Leading article: Murder, manslaughter and our confused laws on killing

Share

One way or another, it has been hard to avoid the unpleasant subject of murder this week, with the resolution of three unusually high-profile - and, in particular respects, controversial - cases. Damien Hanson, only 24 but with a string of serious convictions to his name, was convicted of murdering a wealthy banker during a robbery at his Chelsea home. A teenage girl and three young men were found guilty of manslaughter for killing a bar manager during a "happy slapping" spree in central London. And, in what is already turning out to be the most hotly debated verdict of the year, a jury accepted the manslaughter plea of an ex-soldier, Andrew Wragg, for the killing of his disabled son in preference to the prosecution's charge of murder.

Compared with the other cases, Hanson's seems simple. This was everyone's nightmare of a murder: a young man with a violent history turns up on the doorstep equipped to rob, and brutally kills the householder. The biggest controversy here is why Hanson was released so early from his previous sentence and why his probation appears to have been so inadequately supervised.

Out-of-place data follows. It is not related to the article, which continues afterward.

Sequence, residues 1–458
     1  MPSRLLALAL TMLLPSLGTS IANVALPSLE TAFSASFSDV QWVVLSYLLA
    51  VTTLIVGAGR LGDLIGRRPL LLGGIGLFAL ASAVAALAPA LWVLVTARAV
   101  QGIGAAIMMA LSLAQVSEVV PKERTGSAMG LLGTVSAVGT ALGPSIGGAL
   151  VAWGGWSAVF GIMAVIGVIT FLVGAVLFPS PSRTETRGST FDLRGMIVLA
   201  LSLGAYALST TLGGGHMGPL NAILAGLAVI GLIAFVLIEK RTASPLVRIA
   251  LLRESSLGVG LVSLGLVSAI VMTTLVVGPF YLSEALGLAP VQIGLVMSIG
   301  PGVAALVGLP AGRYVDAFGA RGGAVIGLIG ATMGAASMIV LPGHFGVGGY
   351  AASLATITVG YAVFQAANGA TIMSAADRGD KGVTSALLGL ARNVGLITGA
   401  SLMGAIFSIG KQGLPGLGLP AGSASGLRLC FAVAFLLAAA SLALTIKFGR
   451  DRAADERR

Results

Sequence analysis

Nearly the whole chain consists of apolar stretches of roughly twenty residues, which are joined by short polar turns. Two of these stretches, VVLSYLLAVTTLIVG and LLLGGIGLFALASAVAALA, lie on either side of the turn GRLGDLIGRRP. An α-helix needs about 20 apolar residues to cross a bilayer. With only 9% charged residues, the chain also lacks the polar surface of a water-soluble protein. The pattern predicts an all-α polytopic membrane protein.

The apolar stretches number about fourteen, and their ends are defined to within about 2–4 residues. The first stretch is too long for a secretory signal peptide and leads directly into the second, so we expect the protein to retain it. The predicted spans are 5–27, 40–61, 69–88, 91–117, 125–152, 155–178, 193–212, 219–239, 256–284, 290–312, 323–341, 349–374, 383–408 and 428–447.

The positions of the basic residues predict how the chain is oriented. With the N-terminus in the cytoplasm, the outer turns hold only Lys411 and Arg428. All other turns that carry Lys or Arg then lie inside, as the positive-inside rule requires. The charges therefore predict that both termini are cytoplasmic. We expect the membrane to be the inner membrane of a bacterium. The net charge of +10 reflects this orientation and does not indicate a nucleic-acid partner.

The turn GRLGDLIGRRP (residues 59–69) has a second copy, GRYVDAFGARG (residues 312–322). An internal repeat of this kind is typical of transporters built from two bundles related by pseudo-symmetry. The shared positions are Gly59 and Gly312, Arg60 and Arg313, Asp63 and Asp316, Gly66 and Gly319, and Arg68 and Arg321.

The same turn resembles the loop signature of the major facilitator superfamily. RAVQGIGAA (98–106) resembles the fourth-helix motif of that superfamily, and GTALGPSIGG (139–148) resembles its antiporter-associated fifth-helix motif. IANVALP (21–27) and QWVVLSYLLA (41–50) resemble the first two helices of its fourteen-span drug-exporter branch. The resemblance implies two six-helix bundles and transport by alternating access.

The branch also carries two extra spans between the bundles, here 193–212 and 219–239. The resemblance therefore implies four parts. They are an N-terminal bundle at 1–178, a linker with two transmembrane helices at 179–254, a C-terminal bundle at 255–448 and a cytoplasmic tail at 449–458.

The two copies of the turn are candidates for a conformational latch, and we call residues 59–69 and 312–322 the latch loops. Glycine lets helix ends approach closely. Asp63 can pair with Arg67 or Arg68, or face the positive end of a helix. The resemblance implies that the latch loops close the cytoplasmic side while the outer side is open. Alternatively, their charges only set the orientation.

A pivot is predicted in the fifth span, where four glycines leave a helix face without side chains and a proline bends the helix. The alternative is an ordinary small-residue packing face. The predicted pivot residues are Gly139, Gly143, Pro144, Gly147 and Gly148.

In the "happy slapping" case, the jury seems to have accepted the argument that the gang, while intent on random violence, had not set out to kill, even though they kicked a man to death. A senior Metropolitan Police officer spoke for many when he expressed disappointment that the jury had not convicted the gang of murder.

But it was the Wragg case that really ignited passions. While many sympathised with Mr Wragg's predicament as father of a severely disabled and terminally ill child, there was widespread consternation that his plea of manslaughter was accepted, even though the killing was clearly premeditated. We share that consternation. For while we did not, of course, hear the evidence first hand, the judgment seems to send a deeply disturbing message. This is that the lives of those who are too young, disabled or ill to speak for themselves are somehow worth less than the lives of others.

It is our view, and we are gratified to find it shared by so many, that the paramount duty of justice is to defend those without the power to defend themselves. In this respect, the court failed Jacob Wragg. And his father seems to have got off lightly. Convicted of manslaughter, he received a two-year suspended sentence on the grounds that nothing would be served by a prison term. Would it not have drummed the point home that killing an individual in these circumstances is as unacceptable to our society as killing someone older and fitter?